Fastpass terminal
Image: Theme Park Tourist

When Fastpass first launched at the Disney Parks over 20 years ago, it was hard to grasp how it was possible. Even more than that, it was so absurd to think that the service was free that many guests opted not to use it, thinking it was somehow too good to be true. But, the underlying system made a lot of sense: Instead of waiting in line, you stood in line virtually – returning at the same time to ride as you would have, if you had stood in the standby line.

That was, at least, the theory. In practice, the existence of FastPass slowly changed guest behavior over time. As awareness of it spread, guests would enter the parks and head straight for a ride not to ride it, but instead to get a FastPass for it. Return times would quickly balloon, and popular rides would see distribution completed by early afternoon. FastPass changed guest habits, and warped how the system was supposed to function.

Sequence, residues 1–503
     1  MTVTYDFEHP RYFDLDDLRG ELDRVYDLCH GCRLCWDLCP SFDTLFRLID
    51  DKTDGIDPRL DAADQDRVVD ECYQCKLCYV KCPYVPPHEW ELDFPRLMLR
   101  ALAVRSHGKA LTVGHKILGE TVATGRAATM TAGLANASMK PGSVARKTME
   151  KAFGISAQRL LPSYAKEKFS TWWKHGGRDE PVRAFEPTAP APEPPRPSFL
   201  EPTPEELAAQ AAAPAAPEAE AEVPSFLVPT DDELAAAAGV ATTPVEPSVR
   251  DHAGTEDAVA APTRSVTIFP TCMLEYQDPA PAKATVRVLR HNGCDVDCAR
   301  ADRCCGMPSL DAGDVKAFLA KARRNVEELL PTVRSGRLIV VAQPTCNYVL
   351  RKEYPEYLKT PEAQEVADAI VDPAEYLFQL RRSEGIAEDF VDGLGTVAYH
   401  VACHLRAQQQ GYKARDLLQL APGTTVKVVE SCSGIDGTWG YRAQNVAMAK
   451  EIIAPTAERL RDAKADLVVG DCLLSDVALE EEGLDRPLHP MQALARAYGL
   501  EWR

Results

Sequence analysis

So, when the company revamped the system in the middle of the last decade, the goal was to more evenly spread guest wait times out throughout the day. However, the resulting system has created a kind of chaos for most guests visiting the Disney Parks. Tier systems, ride exclusions, and different systems overlapping make a trip to the Parks more akin to doing your taxes than planning a vacation. Not only do you need to book your FastPass+ reservation months in advance, but you also can only do so for certain rides. Once you’re in the park, you can also book a separate boarding group for some rides, or run to a queue for another ride. In all, the simple concept of “waiting in line” is more confusing than ever before.

What is the point of all of this? Originally, the goal of FastPass was to reduce idle time and let guests use that time instead for other pursuits. Sure, standby queue waits increased slightly, but it was worth it because guests liked being able to skip the line on occasion. Modern FastPass+, however, seems to have altered this calculus. Guests now often wind up with FastPass+ reservations for rides they don’t need them for, and end up waiting much, much longer than they should be for other headliner rides.